• Incisions: If you had a video-assisted procedure (VATS, thoracoscopy), you will have small incisions with small dressings. You may have a chest tube in one of the incisions. If you had a thoracotomy, you will have a larger incision that will be covered by a bulky dressing. You may have surgical staples, small pieces of metal used to close the incision, in your skin. They will be removed before you leave the hospital or when you return to see your surgeon about two weeks after your discharge. Your nurses will change your dressings and check for drainage.

  • Intravenous lines: A small tube, referred to as an IV, is inserted into one of your veins (blood vessel), so you can receive fluids or medications.

  • Other special lines: Similar to intravenous lines, there are several other types of lines that we may use to collect critical information. For example, an arterial line is inserted into an artery, or blood vessel, to measure blood pressure, obtain blood, and get information about the amount of oxygen in your blood. These special lines are generally used only in the first day or two after your surgery.

  • Chest tubes: One or more chest tubes are inserted in your side during surgery to drain fluid, blood, and air from your chest. The tubes are attached to a container, which collects the fluid and removes air from your chest. Tubes are taken out when there is no air leak or drainage, usually about four or five days after surgery.

  • Foley catheter: This tube is inserted into your bladder to drain urine, and is removed when you can urinate on your own. While it is in, you may have the sensation of needing to urinate. Relax and the catheter will drain the urine. Don’t pull the catheter; it could cause injury.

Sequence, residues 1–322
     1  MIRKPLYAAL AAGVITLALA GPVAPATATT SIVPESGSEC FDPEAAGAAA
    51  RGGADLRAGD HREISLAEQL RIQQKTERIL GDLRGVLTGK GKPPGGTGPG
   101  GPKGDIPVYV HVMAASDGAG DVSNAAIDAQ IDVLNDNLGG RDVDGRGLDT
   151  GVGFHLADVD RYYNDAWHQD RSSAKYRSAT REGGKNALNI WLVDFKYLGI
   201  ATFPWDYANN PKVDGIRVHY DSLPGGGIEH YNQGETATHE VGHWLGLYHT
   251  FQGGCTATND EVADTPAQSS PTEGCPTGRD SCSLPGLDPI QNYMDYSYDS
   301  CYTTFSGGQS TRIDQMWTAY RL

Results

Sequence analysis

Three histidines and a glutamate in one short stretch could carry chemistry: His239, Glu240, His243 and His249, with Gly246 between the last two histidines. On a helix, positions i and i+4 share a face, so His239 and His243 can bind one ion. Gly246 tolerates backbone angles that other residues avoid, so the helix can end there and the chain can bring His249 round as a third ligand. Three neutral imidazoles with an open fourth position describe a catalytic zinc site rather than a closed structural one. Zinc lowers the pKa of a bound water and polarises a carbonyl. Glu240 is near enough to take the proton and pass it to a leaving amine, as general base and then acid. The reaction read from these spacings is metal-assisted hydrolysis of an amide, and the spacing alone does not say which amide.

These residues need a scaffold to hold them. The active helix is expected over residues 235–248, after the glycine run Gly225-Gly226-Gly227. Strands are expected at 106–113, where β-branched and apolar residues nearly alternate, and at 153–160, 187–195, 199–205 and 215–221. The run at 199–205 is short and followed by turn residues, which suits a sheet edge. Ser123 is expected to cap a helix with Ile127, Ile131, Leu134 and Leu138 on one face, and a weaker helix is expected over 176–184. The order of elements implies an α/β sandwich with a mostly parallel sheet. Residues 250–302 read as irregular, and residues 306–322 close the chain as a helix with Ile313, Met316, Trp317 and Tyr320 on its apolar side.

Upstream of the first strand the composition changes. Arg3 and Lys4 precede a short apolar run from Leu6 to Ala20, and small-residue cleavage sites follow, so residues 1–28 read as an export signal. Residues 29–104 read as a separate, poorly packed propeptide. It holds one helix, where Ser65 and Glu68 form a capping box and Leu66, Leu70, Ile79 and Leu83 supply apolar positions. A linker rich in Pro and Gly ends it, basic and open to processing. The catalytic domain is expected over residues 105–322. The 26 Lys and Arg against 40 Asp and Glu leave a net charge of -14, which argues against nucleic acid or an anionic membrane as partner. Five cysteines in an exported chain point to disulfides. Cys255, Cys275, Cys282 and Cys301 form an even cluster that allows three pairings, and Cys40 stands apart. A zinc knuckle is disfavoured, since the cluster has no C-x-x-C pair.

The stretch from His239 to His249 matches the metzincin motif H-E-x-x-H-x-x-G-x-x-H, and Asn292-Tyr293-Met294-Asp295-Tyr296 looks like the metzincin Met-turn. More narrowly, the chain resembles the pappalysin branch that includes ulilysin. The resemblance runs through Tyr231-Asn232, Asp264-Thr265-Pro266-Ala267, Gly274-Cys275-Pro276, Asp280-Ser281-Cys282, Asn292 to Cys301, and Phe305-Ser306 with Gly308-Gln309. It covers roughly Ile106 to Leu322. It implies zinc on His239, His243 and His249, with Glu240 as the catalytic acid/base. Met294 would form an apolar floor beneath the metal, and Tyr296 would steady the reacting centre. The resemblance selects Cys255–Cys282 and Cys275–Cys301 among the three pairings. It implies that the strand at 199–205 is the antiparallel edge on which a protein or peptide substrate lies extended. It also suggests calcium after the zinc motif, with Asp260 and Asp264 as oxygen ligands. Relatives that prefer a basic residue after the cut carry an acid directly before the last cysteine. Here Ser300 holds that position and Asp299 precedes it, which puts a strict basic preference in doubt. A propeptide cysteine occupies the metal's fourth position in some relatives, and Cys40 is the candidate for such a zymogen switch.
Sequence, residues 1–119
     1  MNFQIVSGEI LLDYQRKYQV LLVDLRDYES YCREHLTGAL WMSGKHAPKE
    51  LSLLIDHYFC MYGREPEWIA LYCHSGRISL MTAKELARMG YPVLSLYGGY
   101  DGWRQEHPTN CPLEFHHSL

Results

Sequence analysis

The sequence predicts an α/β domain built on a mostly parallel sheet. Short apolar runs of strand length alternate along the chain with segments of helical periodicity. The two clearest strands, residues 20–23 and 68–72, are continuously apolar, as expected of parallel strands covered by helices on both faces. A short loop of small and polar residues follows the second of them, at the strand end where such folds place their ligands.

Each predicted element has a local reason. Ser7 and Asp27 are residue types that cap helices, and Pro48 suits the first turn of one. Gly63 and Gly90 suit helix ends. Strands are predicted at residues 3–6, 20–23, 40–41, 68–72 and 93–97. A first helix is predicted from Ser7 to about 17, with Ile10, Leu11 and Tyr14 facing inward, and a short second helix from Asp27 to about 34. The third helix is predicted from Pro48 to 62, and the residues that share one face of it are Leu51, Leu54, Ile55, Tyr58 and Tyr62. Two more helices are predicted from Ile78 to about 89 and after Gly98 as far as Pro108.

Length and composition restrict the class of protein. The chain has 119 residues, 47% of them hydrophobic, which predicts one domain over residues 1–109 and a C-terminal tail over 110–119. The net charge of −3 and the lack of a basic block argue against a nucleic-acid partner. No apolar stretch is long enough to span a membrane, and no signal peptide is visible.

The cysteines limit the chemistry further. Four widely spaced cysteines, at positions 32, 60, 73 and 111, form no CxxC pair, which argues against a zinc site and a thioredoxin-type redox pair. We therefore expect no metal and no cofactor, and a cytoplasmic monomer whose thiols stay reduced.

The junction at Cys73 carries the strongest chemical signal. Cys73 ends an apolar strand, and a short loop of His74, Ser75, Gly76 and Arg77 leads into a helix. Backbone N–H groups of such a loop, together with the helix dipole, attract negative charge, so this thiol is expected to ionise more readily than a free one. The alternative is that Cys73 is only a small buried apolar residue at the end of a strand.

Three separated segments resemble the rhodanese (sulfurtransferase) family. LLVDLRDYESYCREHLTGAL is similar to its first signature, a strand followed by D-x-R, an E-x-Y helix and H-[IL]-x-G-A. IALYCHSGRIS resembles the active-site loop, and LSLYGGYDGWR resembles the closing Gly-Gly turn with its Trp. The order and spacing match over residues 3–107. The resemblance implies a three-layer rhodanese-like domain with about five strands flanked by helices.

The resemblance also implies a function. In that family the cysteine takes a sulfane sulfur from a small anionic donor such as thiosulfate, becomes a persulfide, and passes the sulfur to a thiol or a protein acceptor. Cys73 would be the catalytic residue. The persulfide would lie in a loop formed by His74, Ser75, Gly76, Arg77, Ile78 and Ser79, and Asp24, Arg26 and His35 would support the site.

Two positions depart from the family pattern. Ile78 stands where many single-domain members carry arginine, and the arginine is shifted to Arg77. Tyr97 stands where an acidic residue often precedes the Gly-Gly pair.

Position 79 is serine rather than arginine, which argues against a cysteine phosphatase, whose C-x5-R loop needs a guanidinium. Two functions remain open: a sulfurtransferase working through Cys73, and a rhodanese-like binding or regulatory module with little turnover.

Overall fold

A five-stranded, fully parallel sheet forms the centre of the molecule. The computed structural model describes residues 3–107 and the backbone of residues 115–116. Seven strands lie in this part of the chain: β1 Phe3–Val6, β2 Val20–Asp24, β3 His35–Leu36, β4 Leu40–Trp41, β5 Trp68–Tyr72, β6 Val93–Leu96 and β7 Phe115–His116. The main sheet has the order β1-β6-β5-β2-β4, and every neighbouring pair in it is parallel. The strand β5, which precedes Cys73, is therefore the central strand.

• Nasogastric (stomach) tubes: This small tube is inserted into your stomach through your nose. It removes air from your stomach, helps prevent vomiting, and is usually removed within the first day or two after surgery.

  • Taking (monitoring) vital signs: We will take your blood pressure often, and will also monitor your heart rate, respirations (number of breaths) and temperature.

  • Pulse oximeter: A pulse oximeter is a small probe we attach to the tip of a finger, an earlobe, or a toe to measure the amount of oxygen in your blood.

  • Chest X-rays: Following lung or chest surgery, chest X-rays provide valuable information about your lungs.

  • Measures to prevent blood clots: You may receive special medication (heparin) that helps prevent blood clots and pneumatic boots for your legs. The boots inflate from time to time to help push blood to your heart so clots don’t form. We will ask you to walk as soon as it is safe for you, because walking helps your circulation. When you are walking several times a day, you won’t have to use the boots any longer.

Important Things to Know

There a lot you can do to participate in and speed your recovery. Your understanding is important so you know what to expect.